In ionic liquids/electrolytes

In electrolytes, electrical conduction happens not by band electrons or holes, but by full atomic species (ions) traveling, each carrying an electrical charge. The resistivity of ionic liquids varies tremendously by the concentration - while distilled water is almost an insulator, salt water is a very efficient electrical conductor. In biological membranes, currents are carried by ionic salts. Small holes in the membranes, called ion channels, are selective to specific ions and determine the membrane resistance.

Resistivity of various materials

Material Resistivity, ρ
ohm-metre
Metals 10–8
Semiconductors variable
Electrolytes variable
Insulators 1016
Superconductors 0 (exactly)

Band theory simplified

Electron energy levels in an insulator

Quantum mechanics states that the energy of an electron in an atom cannot be any arbitrary value. Rather, there are fixed energy levels which the electrons can occupy, and values in between these levels are impossible. The energy levels are grouped into two bands: the valence band and the conduction band (the latter is generally above the former). Electrons in the conduction band may move freely throughout the substance in the presence of an electrical field.

In insulators and semiconductors, the atoms in the substance influence each other so that between the valence band and the conduction band there exists a forbidden band of energy levels, which the electrons cannot occupy. In order for a current to flow, a relatively large amount of energy must be furnished to an electron for it to leap across this forbidden gap and into the conduction band. Thus, even large voltages can yield relatively small currents.

Differential resistance

When the current–voltage dependence is not linear, differential resistance, incremental resistance or slope resistance is defined as the slope of the V-I graph at a particular point, thus:

R = \frac {\mathrm{d}V} {\mathrm{d}I} \,

This quantity is sometimes called simply resistance, although the two definitions are equivalent only for an ohmic component such as an ideal resistor. For example, a diode is a circuit element for which the resistance depends on the applied voltage or current.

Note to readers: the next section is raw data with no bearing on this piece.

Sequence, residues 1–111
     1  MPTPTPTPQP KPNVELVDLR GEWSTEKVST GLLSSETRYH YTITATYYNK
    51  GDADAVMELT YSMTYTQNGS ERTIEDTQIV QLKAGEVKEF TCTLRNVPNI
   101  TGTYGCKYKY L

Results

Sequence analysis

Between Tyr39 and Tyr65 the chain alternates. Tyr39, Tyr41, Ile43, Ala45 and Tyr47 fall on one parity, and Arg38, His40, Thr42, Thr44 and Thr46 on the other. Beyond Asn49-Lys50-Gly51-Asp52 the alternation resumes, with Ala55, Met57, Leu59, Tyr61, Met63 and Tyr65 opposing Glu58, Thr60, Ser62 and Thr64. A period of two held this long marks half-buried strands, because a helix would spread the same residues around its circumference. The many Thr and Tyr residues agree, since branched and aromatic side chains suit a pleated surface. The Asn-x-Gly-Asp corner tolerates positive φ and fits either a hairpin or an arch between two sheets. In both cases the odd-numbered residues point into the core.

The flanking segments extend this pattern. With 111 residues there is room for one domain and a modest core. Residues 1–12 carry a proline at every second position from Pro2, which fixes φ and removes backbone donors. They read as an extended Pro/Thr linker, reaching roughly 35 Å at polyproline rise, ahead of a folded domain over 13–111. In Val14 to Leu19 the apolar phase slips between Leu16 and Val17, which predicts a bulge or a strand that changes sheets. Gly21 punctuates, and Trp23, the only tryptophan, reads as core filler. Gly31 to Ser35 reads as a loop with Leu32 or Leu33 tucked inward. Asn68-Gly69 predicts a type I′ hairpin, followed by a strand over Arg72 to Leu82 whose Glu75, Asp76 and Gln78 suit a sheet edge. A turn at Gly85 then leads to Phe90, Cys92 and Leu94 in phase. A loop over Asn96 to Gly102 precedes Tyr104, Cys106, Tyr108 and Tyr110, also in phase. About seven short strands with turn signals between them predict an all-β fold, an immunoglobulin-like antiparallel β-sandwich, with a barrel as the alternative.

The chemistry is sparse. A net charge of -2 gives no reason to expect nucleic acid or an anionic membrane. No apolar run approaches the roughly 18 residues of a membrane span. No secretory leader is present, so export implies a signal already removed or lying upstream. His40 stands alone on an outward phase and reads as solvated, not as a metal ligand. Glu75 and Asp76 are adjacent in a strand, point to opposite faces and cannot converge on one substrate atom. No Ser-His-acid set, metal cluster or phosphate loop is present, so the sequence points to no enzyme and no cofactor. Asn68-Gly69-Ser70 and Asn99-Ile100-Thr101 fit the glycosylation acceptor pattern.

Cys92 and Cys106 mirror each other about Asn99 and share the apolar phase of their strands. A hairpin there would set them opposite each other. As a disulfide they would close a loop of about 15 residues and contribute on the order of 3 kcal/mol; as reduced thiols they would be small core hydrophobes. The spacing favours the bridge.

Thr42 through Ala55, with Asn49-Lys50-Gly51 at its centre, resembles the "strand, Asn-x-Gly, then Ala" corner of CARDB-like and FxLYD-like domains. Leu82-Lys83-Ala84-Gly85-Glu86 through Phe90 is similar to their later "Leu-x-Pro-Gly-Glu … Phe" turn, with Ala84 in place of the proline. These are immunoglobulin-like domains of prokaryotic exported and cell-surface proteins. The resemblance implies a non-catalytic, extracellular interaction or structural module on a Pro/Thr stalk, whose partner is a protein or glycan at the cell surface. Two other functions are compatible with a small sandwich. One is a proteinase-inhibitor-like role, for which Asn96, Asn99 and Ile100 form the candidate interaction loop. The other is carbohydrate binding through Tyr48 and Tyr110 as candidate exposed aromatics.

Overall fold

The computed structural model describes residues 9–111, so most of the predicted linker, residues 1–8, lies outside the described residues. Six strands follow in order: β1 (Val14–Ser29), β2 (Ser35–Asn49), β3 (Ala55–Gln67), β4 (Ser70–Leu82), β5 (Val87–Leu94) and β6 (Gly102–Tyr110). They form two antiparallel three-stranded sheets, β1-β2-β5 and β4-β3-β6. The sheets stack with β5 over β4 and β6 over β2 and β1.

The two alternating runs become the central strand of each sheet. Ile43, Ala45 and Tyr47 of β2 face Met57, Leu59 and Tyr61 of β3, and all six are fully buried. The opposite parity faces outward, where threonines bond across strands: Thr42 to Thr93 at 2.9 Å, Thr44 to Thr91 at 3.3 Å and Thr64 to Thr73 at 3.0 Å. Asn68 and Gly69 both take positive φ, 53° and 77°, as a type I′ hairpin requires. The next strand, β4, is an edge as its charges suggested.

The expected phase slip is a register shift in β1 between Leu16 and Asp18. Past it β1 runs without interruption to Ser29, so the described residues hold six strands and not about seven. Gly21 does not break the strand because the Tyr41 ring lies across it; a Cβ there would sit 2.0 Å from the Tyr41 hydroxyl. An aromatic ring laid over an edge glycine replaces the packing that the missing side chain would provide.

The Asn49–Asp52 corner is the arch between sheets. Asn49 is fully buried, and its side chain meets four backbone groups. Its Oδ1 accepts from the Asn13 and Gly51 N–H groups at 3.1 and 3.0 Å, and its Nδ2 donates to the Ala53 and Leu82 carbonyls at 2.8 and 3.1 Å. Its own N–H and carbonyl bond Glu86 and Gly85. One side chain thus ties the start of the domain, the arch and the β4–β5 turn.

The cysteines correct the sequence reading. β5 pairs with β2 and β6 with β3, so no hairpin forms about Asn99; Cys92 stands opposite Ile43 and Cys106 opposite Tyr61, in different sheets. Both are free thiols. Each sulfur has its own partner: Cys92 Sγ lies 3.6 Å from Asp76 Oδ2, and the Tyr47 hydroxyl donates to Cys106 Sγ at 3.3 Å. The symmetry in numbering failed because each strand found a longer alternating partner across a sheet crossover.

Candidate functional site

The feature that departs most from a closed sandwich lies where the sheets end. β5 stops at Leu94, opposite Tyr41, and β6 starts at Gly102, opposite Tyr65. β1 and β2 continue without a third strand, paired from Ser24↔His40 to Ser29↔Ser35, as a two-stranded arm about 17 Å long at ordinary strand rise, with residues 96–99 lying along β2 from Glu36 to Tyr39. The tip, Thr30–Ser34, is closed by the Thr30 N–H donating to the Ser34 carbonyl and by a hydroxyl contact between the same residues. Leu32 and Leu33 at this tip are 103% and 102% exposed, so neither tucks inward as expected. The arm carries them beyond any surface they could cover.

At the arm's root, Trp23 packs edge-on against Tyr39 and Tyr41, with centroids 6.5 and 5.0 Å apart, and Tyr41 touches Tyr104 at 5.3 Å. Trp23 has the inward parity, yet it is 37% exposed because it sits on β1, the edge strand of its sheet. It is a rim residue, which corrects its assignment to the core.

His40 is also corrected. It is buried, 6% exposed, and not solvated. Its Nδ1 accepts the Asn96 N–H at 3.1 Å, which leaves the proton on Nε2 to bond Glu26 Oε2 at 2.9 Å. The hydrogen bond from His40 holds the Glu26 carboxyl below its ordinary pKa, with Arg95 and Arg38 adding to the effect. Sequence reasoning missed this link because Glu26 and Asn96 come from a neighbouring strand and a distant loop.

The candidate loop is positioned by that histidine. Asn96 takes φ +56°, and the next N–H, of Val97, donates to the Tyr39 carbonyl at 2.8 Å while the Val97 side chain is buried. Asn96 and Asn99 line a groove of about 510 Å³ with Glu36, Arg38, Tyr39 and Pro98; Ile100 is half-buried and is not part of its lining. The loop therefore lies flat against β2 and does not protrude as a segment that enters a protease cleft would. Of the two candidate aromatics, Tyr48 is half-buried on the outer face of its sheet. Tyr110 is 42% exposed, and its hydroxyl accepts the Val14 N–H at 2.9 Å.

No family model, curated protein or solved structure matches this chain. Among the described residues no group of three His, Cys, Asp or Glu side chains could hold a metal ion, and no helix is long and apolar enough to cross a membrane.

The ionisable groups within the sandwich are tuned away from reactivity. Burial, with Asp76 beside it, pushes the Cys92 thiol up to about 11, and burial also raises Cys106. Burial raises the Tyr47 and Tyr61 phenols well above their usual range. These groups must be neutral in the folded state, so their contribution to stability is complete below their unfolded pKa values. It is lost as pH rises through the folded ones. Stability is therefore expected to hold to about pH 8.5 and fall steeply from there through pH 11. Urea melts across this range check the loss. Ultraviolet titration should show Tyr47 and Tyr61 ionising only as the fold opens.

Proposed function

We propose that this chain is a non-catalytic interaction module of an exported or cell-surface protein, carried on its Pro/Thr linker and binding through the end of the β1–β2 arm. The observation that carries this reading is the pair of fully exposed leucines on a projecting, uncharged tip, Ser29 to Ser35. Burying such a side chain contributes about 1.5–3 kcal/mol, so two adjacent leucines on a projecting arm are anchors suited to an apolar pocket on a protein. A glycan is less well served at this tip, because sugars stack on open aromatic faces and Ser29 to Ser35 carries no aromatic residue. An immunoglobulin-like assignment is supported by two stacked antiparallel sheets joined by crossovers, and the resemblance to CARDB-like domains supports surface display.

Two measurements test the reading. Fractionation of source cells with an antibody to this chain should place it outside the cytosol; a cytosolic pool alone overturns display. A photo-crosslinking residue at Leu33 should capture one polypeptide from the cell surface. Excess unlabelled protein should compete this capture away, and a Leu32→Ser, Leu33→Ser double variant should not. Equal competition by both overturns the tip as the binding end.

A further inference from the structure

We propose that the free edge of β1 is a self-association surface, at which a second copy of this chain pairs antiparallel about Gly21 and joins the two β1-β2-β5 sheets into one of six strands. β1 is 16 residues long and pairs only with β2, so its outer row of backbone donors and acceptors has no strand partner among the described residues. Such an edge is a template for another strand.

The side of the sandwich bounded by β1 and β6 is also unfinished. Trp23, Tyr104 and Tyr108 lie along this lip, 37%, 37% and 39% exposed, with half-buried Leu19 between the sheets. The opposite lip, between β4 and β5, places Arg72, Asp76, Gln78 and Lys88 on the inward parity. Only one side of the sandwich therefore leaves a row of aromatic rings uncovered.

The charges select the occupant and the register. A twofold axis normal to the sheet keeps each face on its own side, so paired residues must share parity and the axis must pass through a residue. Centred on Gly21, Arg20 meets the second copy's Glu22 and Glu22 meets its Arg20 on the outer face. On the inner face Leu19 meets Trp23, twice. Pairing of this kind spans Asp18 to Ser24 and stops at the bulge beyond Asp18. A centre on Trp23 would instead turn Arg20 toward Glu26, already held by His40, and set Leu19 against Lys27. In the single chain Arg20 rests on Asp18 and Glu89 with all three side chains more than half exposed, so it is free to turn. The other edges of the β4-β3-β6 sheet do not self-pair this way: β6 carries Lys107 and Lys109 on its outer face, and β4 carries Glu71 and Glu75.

If the V-I graph is not monotonic (i.e. it has a peak or a trough), the differential resistance will be negative for some values of voltage and current. This property is often known as negative resistance, although it is more correctly called negative differential resistance, since the absolute resistance V/I is still positive. An example of such an element is the tunnel diode.

Differential resistance is only useful to compare a nonlinear device with a linear source/load in some small interval; for example if it is necessary to evaluate a zener diode's voltage stability under different current values.

Temperature dependence

Near room temperature, the electric resistance of a typical metal increases linearly with rising temperature, while the electrical resistance of a typical semiconductor decreases with rising temperature. The amount of that change in resistance can be calculated using the temperature coefficient of resistivity of the material using the following formula:

 R = R_0 [\alpha (T - T_0) + 1]\,\!

where T is its temperature, T0 is a reference temperature (usually room temperature), R0 is the resistance at T0, and α is the percentage change in resistivity per unit temperature. The constant α depends only on the material being considered. The relationship stated is actually only an approximate one, the true physics being somewhat non-linear, or looking at it another way, α itself varies with temperature. For this reason it is usual to specify the temperature that α was measured at with a suffix, such as α15 and the relationship only holds in a range of temperatures around the reference.[4]

At lower temperatures (less than the Debye temperature), the resistance of a metal decreases as T5 due to the electrons scattering off of phonons. At even lower temperatures, the dominant scattering mechanism for electrons is other electrons, and the resistance decreases as T2. At some point, the impurities in the metal will dominate the behavior of the electrical resistance which causes it to saturate to a constant value. Matthiessen's Rule (first formulated by Augustus Matthiessen in the 1860s; the equation below gives its modern form) [5][6] says that all of these different behaviors can be summed up to get the total resistance as a function of temperature,